Guardians of the Nation’s Glory: The Civil War Memorials of Northwest Washington, D.C.

ECW welcomes guest author Kyle R. Hallowell


When most people think of the location of Civil War memorials, they are likely to think of places such as Gettysburg or Antietam, not Washington, D.C., which is famous for its memorials to Washington, Jefferson, and Lincoln. However, many may be surprised to learn that Washington and Northwest Washington, especially, are densely landscaped with memorials commemorating the Civil War. In President James A. Garfield’s words, these memorials are “permanent guardians of the nation’s glory” and must be a stop on any Civil War enthusiast’s travel itinerary. Below is a list of memorials I recommend visiting and some interesting facts about them. This list is in no way exhaustive and only highlights a few of the more noteworthy statues in Washington.


Lieutenant General Winfield Scott, Scott Circle

Winfield Scott was the first Civil War general memorialized with a bronze statue in postwar Washington. In 1867, Congress allocated $35,000 to erect a memorial to Scott. The commission went to New York sculptor Henry Kirke Brown, who was widely praised for his 1856 statue of George Washington. Brown’s sculpture was complete by 1872, and when it came time for casting, the federal government contributed cannons used during the Mexican-American War. The statue’s base was carved from a single piece of granite, which at the time was the largest stone ever successfully quarried in America.[1] Scott’s memorial was unveiled without a ceremony in 1874 and immediately drew criticism. Many observers thought Scott was depicted as too fat, old, and stiff, with one critic saying that Scott looked like an old sack of flour. Scott’s horse drew even worse criticism, with many observers saying it looked light, delicate, thin, timid, and dreadfully proportioned. Philip Sheridan, who lived a few blocks away from the memorial, is said to have begged his wife never to let him be immortalized on such a dreadful animal.[2]

Figure 1 Lieutenant General Winfield Scott memorial,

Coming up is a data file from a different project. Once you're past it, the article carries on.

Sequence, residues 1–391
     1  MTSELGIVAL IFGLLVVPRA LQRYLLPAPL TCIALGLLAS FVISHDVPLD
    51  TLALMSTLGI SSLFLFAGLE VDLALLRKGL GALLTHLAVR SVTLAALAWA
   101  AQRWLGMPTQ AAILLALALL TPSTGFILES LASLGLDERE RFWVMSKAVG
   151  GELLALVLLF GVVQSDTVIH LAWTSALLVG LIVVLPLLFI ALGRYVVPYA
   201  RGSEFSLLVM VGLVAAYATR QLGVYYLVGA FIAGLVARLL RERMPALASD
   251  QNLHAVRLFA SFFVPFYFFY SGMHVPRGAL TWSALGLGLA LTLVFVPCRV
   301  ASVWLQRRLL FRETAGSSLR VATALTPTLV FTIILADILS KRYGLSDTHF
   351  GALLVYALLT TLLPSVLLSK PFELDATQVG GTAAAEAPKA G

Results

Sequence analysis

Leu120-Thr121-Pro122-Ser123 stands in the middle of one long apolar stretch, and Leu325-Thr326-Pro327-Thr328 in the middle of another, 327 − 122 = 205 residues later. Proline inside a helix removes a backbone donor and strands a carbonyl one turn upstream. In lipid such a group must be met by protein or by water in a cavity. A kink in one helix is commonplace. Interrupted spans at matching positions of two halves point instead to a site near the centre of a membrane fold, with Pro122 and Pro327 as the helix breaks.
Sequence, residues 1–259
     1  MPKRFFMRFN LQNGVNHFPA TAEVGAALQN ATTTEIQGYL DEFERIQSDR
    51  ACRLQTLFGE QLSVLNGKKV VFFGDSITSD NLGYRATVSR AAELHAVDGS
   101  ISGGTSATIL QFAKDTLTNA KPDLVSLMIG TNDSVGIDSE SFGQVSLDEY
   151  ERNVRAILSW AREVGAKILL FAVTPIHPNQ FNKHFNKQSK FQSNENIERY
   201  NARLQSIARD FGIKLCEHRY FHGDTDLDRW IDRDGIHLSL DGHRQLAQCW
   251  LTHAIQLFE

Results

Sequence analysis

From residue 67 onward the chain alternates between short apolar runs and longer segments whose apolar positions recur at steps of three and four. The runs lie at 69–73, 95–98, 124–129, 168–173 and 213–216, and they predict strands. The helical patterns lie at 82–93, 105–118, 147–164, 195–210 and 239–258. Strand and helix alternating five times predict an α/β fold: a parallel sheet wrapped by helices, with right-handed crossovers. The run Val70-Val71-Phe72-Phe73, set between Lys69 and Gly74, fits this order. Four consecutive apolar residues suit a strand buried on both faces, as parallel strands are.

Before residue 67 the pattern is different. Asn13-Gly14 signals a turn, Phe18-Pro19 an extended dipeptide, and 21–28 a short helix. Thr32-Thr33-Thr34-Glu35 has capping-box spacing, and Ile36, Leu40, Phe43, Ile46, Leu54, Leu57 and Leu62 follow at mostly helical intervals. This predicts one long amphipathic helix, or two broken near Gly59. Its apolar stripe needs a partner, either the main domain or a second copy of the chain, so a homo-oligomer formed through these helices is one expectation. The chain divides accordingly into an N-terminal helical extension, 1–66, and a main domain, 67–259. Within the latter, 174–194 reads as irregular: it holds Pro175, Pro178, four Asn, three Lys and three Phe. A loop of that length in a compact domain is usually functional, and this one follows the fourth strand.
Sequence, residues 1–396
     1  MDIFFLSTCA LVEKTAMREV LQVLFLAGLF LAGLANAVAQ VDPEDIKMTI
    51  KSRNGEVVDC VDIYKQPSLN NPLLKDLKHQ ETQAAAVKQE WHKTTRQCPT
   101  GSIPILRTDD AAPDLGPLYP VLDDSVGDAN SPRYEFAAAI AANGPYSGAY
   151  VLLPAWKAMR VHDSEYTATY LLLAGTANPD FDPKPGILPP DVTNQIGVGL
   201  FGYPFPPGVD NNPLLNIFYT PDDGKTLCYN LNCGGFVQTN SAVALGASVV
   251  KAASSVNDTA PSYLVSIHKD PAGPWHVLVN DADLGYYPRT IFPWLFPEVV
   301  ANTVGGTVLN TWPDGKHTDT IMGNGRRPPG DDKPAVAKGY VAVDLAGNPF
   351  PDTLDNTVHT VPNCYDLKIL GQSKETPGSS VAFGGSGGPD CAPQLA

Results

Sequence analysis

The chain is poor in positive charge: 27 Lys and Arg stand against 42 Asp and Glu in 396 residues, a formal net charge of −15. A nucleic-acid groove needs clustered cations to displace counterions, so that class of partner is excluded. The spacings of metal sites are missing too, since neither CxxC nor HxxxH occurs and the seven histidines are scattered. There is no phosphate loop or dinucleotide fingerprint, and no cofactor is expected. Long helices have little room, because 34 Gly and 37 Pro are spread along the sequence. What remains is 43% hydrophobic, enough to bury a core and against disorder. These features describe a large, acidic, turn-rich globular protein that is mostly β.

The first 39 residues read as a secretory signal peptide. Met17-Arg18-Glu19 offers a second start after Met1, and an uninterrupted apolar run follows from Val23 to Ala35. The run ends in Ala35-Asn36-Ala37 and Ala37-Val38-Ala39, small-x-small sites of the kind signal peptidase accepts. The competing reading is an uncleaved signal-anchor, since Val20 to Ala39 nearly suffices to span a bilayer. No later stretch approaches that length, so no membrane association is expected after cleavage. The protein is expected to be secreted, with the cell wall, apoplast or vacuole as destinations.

Brigadier General James B. McPherson, McPherson Square

James B. McPherson was beloved by his soldiers and his superiors alike. His death outside Atlanta on July 22, 1864 made McPherson a martyr to the Union cause and endowed the soldiers of the Army of the Tennessee with a desire to commemorate him. In one of their first post-war meetings, the men of the Society of the Army of the Tennessee voted to honor McPherson with a statue in Washington. It would be the first of the many bronze Civil War statues commissioned by a veterans’ group.[3] The society raised $23,500 for the statue, and Congress donated cannons captured in the Atlanta campaign to be melted down.[4] After an aborted first attempt by another artist, the society chose Cincinnati sculptor Louis Rebisso to produce the McPherson statue. Initially, the design for the memorial included a vault for McPherson’s body, but before it could be exhumed, a group in McPherson’s birthplace, Clyde, Ohio, filed an injunction to prevent the exhumation. McPherson’s statue was unveiled on October 18, 1876. The ceremony was presided over by William T. Sherman, and John A. Logan gave the chief address. The unveiling ceremony was preceded by a parade of Union veterans and political dignitaries, establishing the precedent for more than a dozen future ceremonies.

Figure 2 James Birdseye McPherson memorial. From Ben Schumin via wikipedia.

Major General George H. Thomas, Thomas Circle

Soon after Thomas died in 1870, the Society of the Army of the Cumberland decided to memorialize their former commander. By 1873, they had raised $10,000 and asked Congress for additional funds and the necessary cannons to make the statue. Congress provided 88 cannons captured during the Atlanta campaign and appropriated $25,000 for the statue’s pedestal. John Quincy Adams Ward was awarded the commission for the statue and, in close consultation with Mrs. Thomas, had the plaster cast finished by 1879. On November 19, 1879, the memorial to Thomas was dedicated in an imposing ceremony that, according to Harper’s Weekly, was “the grandest ever witnessed at the national capitol since the grand review of the victorious Union Armies in 1865.”[5] The ceremony was so well attended that the parade, consisting of G.A.R. members, veterans, soldiers, and various bands, stretched for two miles. General Don Carlos Buell did the unveiling, and President Rutherford B. Hayes accepted the statue on behalf of the American people.[6] Critics consider the Thomas Memorial one of the finest equestrian statues in Washington.